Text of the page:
Monday, December 29, 2014

The Basics and the beginnings of an artist.

"Calla from the top"

When I began painting a few years back, as is with everyone
I started with a theme.
I had no idea about what I was good at, and had very little
Self-expression show in my paintings.

I think for any beginner this is the case.
We see a scene, a flower, a sky
and think 
"I would love to paint that."
We have no idea about mixing colours, perspective or shadowing.
We just know we want to translate it onto canvas.

One of the first flowers I ever painted was
A little canvas celebrating the first bouquet that a child presents to their
Mother with much love, and showing what this gift looked like  to the Mother.

After that I proceeded to venture into different shapes and colours

"Dogwood Blossoms"
My first serious foray into shape, form and shading.


This one started my love of the background.

After that I explored colour shape and style.
backgrounds and sizes.
You can see here that I did not allow myself adequate room for the roots coming from the bulb.

"The Wedding is Off!"
A whimsical Painting.
Mr. Froggy is keeping out of the rain.
No Wedding for him today.
This (I think) is the only painting in which I attempted to actually do Rain.
It can be scary, you complete  (at that time)
a perfect painting and you just know
That the first stroke signifying rain has to be perfect
or the whole thing is lost.
I lucked our on this one.

An art Challenge from
a participating forum on "Wet Canvas"
One of my all time favorite florals.
My favorite part is actually the way I painted the
stucco wall.

Ruffled Asian Lily
I worked very hard to get depth in this painting.
At the time I thought I had it.
But looking closely, I achieved a good depth on only one Petal.

An all time favorite of mine.
Simple lines portraying elegance.

There is much beauty in the simplest of flowers.

Again, here I worked on shading and tonal values.

Here I attempted to do a "Red" painting.

While Not specifically a Floral, this painting
is the first that I achieved pleasing results with
a collection of plants.

"White Flower"
I liked the background of this one very much.

Every step I have taken in teaching myself how to paint
has gone through phases.
And with each painting I learned.
I perfected a certain style and method of application.
I have had many many canvas that I have painted over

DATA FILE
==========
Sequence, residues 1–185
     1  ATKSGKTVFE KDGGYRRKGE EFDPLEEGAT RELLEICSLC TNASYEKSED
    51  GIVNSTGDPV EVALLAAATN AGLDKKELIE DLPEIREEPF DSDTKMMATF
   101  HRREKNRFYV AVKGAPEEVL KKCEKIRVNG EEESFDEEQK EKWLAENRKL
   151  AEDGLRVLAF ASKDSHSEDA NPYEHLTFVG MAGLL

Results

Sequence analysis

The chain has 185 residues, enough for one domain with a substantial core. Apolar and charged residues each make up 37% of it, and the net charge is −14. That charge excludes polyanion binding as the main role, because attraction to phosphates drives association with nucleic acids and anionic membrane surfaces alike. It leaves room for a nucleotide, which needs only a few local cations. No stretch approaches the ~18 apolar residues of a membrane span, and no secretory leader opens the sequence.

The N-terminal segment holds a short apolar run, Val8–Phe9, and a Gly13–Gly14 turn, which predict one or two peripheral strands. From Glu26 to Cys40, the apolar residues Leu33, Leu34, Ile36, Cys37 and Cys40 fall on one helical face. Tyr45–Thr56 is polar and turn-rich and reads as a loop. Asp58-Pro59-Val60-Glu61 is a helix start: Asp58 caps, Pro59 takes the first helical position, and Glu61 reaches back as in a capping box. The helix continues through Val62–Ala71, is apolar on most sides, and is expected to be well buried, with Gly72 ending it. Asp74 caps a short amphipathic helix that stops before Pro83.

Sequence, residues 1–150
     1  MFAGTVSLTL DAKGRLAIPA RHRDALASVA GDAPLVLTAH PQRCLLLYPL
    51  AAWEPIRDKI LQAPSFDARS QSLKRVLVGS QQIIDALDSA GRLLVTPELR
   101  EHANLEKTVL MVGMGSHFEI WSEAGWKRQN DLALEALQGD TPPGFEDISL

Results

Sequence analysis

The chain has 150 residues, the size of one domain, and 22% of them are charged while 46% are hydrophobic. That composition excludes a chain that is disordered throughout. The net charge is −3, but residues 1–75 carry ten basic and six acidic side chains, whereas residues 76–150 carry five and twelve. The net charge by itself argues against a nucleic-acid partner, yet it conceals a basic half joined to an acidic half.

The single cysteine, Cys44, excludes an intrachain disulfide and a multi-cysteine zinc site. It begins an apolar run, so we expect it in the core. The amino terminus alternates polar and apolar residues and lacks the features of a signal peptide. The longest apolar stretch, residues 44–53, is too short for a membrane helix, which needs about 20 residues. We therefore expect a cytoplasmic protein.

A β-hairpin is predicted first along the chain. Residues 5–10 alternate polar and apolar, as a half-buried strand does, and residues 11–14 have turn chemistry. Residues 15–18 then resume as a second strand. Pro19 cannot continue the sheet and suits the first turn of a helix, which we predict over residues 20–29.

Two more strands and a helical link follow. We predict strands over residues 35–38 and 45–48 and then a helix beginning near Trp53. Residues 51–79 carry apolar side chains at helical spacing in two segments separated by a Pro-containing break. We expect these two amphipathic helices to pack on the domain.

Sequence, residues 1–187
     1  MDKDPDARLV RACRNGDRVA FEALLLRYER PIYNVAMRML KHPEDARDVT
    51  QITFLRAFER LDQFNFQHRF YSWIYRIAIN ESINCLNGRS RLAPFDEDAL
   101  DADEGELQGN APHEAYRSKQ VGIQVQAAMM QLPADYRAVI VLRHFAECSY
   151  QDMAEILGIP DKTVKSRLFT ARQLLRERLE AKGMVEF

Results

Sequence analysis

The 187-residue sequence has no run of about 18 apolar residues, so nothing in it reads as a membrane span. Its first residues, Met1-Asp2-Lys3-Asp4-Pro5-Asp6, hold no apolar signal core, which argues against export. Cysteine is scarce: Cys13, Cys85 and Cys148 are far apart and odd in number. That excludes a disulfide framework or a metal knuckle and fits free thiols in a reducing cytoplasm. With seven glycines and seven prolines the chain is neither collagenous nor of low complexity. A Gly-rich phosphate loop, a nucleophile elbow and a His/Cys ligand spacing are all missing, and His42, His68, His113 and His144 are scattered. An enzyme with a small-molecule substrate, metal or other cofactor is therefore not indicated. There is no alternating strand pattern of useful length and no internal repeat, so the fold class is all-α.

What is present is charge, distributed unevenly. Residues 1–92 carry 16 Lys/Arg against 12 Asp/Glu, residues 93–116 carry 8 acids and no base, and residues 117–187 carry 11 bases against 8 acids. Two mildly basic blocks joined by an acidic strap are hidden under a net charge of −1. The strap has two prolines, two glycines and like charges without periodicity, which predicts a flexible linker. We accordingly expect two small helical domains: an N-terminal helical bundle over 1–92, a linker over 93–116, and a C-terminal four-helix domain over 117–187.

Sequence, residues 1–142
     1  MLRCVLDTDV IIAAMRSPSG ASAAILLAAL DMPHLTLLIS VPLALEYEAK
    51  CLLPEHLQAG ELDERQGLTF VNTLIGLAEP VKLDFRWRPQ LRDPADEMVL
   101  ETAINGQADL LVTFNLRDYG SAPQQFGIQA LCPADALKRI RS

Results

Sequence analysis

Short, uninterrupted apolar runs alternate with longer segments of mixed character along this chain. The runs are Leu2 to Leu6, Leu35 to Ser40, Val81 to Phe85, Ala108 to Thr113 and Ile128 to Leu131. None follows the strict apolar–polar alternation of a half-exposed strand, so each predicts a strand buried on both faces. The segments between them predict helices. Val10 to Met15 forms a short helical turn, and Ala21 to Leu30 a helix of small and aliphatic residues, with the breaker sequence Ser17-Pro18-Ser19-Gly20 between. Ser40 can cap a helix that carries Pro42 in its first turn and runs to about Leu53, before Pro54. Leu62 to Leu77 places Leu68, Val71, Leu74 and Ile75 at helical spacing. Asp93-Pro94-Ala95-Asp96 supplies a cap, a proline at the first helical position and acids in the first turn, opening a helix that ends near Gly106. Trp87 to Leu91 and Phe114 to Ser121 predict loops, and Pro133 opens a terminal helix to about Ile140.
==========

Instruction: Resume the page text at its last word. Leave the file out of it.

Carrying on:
(Or as my friend Diane calls them "Wall leaners")
....put in a corner on the floor, leaning on the wall
to be forgotten or painted over.

But with every painting I have completed I have taken away something new.
I have learned when to put my brush down
"Leave it alone"
What colours make each other Pop!
How to load a brush with paint
and countless other things.

One fact that I learned very quickly was that I
had no propensity to paint people/faces or animals.
I do not enjoy painting these subjects.
The one exception to this rule was the painting I did of a couple of Pelicans
(But then again birds are not people or animals)


Actually, any attempt in that genre has resulted in frustration, anger
and a feeling of hopelessness.
So I just do not even try them. LOL
I think these things have made me a better Artist.
And hopefully I will continue to enjoy the learning process
of creating art.

Saturday, November 29, 2014

"Painting Winter & Snow"

Canadian Arctic
Acrylics on Watercolour paper
10 1/2" X 7 1/2"

I love painting Winter.
There is something about snow that excites me as I begin.
It took a long time for me to find my stride in this genre
This is a blog entry about how snow looks at different times and how I have interpreted it in my art.

Snow can be tricky to paint
as while it has no colour, it reflects the colours that surround it.
I like painting Winter on the coldest days, when the temperatures 
plummet well below any comfort level.
that is why most of my snow has undertones of blue and grays
with no yellow highlights.

When a very cold day is bright with no sun visible
you actually see no colour excepting the things around the snow, such as cars, houses and people.